Payán smiles as she reads the entries she has begun to jot down about the wild soap opera that is her life. “I’m trying to figure out how to do this,” she says. "I want to write a book about my life, my family and my grandmother. I want to write about not really belonging anywhere, because I’ve never considered myself an American, and yet when I go back to the Dominican Republic they call me americana."
Sitting with her journal, as the sinking sun’s rays bounce off the Hudson toward the island she currently calls home, Payán is also making plans for the future. She’s departing for a one-week stay in the Dominican Republic, where she will be filmed for a nationally televised special about her life. Then it’s on to Puerto Rico, where she is raising funds for an AIDS hospice. But, most of all, when Payán’s thoughts turn to the future, they turn to Ilka’s Angels, a group of young Latina women who have been inspired by her message to start an activist group around women’s health issues. “It’s kind of like a combination of the Black Panthers, the Young Lords and ACT UP,” she says. “Older people tend to create institutions which ignore the young, and they are the ones who must deal with these problems, hopefully with a new approach.”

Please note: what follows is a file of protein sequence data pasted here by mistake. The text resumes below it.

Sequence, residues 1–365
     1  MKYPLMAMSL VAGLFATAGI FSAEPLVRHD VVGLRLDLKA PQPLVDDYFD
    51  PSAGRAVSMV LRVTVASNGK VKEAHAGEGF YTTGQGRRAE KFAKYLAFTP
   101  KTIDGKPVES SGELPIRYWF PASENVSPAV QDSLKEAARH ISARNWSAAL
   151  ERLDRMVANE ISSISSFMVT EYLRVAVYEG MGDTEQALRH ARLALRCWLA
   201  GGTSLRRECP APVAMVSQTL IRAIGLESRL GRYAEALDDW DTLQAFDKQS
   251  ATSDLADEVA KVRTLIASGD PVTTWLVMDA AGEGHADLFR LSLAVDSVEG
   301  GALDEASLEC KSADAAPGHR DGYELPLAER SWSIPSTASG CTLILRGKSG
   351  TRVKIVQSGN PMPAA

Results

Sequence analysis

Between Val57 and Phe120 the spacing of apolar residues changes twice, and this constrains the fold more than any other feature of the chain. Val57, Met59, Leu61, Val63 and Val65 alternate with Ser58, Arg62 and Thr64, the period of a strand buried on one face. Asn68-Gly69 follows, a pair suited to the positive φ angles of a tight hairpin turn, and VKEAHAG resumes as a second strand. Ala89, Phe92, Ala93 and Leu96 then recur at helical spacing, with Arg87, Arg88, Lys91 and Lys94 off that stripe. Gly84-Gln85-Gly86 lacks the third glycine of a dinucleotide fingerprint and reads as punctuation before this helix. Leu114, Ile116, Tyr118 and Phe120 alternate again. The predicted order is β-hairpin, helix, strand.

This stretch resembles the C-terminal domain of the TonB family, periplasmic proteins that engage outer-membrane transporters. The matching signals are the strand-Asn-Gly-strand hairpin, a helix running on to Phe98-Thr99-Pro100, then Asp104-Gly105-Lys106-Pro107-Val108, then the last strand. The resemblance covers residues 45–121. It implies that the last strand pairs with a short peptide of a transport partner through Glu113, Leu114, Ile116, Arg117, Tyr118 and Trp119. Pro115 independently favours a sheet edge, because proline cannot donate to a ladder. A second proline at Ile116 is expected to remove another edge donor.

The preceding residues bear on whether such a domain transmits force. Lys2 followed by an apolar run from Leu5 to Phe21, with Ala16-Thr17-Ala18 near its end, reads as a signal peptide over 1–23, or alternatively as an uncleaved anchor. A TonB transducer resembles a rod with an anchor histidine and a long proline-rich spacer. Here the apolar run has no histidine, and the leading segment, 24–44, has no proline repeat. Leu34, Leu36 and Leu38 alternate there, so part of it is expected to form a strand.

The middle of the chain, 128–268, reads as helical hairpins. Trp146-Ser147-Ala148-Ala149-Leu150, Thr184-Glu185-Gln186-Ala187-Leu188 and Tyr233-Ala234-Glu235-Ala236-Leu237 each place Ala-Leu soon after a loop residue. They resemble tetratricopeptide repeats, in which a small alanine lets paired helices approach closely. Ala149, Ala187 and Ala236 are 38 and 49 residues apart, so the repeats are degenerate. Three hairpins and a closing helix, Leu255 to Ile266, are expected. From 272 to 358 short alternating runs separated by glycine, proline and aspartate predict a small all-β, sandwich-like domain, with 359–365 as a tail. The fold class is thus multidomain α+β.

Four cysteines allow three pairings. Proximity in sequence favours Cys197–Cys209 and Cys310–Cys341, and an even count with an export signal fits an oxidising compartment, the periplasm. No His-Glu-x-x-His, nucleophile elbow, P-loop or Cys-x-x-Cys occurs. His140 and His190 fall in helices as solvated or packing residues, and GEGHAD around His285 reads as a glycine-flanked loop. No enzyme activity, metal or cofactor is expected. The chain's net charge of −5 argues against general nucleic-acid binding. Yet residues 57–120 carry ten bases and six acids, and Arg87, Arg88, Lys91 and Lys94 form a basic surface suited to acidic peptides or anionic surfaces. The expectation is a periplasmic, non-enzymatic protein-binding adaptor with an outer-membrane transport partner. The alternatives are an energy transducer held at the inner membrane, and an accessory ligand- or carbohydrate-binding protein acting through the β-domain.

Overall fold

Payán’s own approach is to inspire the group, but she refuses to direct it. She views her role now as an activator. "My job is to try and activate people’s heads, and the way that I do this is by saying health is a political issue. Then it’s up to them to do whatever with the information. Everyone wants a strong leader, but I want all of them to become leaders, because if you look for one individual to lead you’re going to fall flat on your ass."